First Dalit woman CDO says caste discrimination is an affront to societyBorn as a girl in a Dalit family meant a lot of struggle for this 44-year-old civil servant, who is determined to work towards fighting the social scourge of casteism.
Born as a girl in a Dalit family, for Sita Pariyar, there always was double discrimination.
In a society where caste-based discrimination is still rife and girls and women are struggling for their rights, the best thing that happened to Sita was her parents decided to send her to school.
On Thursday, Sita, 44, became the first Dalit woman chief district officer.
“I have been posted in Humla,” she said. “I am leaving for my workstation on Sunday.”
Born in Bhorle of Kaski district as the fifth child of her parents, Sita started experiencing discrimination since her early days, oftentimes wondering why she was being treated differently and in a lowly manner by others.
As she grew up, she realised she was not treated well because of her caste, she said.
“Things were not easy. We were not allowed to touch water taps. Marriage ceremonies and temples were not meant for us. People would not eat or drink whatever we touched,” said Sita about the discrimination she faced. “This is not just about me, every Dalit member in our country goes through this same experience of humiliation and insults.”
But she refused to give up, she said.
“I decided to overcome the obstacles. Perhaps the discrimination I faced made me work hard to achieve something so that I could fight back and work towards ending this scourge from the society,” she said. “For that, I needed to study. I needed to go to a university.”
Sita completed her primary education from a school that too had her name—Sita Primary School in her village.
After her secondary education in Chandra Prabhu Higher Secondary School Rupa Rural Municipality-6 of Kaski district, she came to Kathmandu for higher education.
She obtained her master’s degree in sociology from Tri-Chandra College.
Her recent posting was in Bhaktapur as an assistant chief district officer.
“I worked with her for four months. It was a coincidence that both of us were women. Sita is a hardworking official with commitment and integrity,” said Rudra Devi Sharma, chief district officer of Bhaktapur. “This is a proud moment for me also that my colleague has been promoted. She has become the first chief district officer from the Dalit community. It’s all because of her hard work.”
Sita entered civil service as a section officer on September 4, 2011 from an open category.
She worked as a local development officer for Dolakha and Bhojpur districts in 2015 and 2017, respectively.
Then she served as a chief administrative officer of three local bodies: Chandragiri Municipality (2018), Janakpur Dham Sub-Metropolitan City (2019) and Kirtipur Municipality in (2020).
Sita’s brother Shyam, 52, shared that he feels proud that his sister has achieved something no woman from their community has.
“Our parents are no more. If they were alive, they would have definitely been so proud of her,” said Shyam. “Despite all odds, my parents decided to send her to school and college. My father had a great desire to educate her,” Shyam, who does tailoring work, told the Post over the phone from Lekhanath, Pokhara.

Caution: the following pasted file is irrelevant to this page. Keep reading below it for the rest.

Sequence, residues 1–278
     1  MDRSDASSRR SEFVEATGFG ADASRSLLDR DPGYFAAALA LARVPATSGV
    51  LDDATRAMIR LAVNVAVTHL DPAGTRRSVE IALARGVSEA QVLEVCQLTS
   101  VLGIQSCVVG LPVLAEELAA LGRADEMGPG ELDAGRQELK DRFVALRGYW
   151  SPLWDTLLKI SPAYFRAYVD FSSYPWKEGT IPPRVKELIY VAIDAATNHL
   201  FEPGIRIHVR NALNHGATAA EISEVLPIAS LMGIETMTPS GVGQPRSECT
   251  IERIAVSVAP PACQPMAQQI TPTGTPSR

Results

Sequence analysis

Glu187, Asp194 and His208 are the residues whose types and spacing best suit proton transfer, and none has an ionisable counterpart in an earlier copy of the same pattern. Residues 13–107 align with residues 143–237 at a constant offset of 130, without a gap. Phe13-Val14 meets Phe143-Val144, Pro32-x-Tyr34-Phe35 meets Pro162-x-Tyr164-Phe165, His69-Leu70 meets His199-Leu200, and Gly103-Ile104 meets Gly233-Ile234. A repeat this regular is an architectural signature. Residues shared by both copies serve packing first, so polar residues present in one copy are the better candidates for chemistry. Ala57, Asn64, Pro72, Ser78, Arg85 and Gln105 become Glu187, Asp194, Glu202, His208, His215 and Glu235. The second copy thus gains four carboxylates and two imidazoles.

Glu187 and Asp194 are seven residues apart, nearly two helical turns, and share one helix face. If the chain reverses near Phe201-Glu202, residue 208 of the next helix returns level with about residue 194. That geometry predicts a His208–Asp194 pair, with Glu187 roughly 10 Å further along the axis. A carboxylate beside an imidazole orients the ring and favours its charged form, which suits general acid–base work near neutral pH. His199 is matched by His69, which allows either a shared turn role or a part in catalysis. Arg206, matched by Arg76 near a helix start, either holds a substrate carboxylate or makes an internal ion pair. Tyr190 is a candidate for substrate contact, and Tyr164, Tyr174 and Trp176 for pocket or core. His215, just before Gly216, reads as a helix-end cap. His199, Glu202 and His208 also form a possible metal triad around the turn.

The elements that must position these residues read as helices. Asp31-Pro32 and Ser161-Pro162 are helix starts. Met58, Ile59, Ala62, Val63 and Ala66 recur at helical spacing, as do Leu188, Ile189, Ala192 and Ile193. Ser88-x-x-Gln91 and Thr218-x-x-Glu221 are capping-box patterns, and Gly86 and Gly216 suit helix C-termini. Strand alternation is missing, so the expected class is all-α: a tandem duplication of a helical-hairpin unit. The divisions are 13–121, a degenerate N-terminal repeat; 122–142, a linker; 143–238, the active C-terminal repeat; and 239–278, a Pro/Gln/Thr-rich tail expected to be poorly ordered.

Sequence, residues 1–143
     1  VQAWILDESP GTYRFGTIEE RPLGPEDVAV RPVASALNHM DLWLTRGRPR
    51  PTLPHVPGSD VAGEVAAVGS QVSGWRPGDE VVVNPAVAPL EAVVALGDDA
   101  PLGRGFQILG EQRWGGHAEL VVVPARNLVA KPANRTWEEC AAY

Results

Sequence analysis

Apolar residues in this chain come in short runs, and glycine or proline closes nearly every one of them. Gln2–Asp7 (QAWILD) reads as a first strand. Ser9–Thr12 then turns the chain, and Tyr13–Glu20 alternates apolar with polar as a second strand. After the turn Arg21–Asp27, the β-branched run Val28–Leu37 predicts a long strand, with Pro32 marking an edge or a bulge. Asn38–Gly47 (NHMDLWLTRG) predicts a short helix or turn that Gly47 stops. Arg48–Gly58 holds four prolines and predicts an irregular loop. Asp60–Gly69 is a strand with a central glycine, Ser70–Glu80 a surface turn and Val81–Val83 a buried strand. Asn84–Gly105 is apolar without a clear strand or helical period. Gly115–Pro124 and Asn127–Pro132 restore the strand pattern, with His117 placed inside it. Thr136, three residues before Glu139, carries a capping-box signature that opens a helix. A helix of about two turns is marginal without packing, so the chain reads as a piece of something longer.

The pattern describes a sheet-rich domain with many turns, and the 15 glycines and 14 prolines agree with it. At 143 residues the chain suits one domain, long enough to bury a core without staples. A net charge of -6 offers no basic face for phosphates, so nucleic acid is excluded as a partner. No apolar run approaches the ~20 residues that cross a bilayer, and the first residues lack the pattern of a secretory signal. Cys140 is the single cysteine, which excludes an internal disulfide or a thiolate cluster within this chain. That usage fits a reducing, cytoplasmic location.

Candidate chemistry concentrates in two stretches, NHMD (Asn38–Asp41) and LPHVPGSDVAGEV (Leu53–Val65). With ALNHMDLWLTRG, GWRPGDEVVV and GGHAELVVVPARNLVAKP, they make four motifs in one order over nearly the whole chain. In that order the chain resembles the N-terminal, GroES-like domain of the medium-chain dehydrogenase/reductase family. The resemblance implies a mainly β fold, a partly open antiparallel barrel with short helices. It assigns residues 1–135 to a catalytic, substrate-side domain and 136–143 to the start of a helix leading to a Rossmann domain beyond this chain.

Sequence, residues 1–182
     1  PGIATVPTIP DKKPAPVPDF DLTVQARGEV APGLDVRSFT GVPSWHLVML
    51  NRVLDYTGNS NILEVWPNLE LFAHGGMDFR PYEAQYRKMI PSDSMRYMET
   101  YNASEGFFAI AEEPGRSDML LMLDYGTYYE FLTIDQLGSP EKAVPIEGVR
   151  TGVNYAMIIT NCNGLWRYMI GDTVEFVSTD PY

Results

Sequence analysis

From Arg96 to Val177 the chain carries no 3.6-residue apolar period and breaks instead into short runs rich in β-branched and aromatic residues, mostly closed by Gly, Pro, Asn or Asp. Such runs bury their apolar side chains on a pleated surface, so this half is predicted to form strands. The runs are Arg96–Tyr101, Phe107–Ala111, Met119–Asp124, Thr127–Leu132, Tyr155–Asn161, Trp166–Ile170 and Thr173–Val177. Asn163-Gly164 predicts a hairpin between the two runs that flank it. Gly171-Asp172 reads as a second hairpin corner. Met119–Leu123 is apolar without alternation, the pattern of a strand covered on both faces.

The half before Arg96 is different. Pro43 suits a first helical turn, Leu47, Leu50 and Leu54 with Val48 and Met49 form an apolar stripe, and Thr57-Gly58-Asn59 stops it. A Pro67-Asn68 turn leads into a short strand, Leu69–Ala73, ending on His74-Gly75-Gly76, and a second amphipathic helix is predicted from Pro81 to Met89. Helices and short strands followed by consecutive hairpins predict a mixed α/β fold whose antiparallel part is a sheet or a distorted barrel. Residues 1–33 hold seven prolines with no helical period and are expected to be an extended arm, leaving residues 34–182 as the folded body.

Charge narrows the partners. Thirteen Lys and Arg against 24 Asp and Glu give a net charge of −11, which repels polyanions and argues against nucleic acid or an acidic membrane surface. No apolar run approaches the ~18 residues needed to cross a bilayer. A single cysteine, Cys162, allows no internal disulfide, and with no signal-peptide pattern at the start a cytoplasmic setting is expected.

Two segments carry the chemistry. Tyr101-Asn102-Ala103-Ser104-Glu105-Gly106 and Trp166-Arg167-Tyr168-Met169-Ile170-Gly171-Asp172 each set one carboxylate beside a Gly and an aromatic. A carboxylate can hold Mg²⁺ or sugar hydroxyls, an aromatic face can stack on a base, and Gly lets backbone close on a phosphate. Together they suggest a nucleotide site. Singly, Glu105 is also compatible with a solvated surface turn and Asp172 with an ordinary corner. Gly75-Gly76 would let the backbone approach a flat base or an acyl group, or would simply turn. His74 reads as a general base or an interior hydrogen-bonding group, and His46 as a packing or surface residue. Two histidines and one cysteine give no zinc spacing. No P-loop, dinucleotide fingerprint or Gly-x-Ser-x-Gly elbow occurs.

Dalits in Nepal for long have been far from state organs, with only a few in civil services.
A National Human Rights Commission report shows the representation of Dalit community in the state appratus is minimal.
According to last year’s report of the commission, of the total 88,578 people in civil services, only 1,971 are from the Dalit community, which is 0.2 percent. The report shows the presence of the Dalit community in Nepal Police is 9.45 percent, 8.14 percent in Nepal Army and just 1 percent in the judicial sector.
Pradip Pariyar, executive chair of Samata Foundation, an independent think tank that studies caste-based discrimination and marginalisation, termed Sita’s appointment as chief district officer a positive and a proud moment for the entire Dalit community and milestone in the fight against caste-based discrimination in some extent.
“But if we look critically, it is unfortunate that we are celebrating it in the 21st century,” he said. “This also shows the stark reality of Nepal and we Nepalis as to how our society still needs a lot of transformation.”
As Sita prepares to take up her new assignment, she says that while performing her duties, she would also make extra efforts to ensure that no one faces discrimination just because of their caste.
Asked if she ever faced discrimination while serving at different offices, she said her co-workers and colleagues have always been nice to her.
“But the fact is caste discrimination is a bigger problem, and it’s rife everywhere,” she told the Post.
She recalled how people looked at her with disbelief when she was appointed a local development officer in Bhojpur.
“I could sense the general impression among many like ‘what will this Dalit woman be able to do’,” she said. “People were sceptical about me and my capability. But after my tenure, when they bade farewell to me, they were appreciative of my work. Such small achievements make me feel proud and give me energy to do better.”
Sita is currently the second chief district officer from the Dalit community. Santa Bahadur Sunuwar is the chief district officer of Bardiya.
The first chief district officer from the Dalit community was Man Bahadur Bishwakarma.
Sita says while the entire Dalit community is still backward, when it comes to women, they are more oppressed.
“Education is the key, as it empowers women,” Sita said. “As a chief district officer, I will work towards ensuring social justice. Caste-based discrimination is an affront to society.”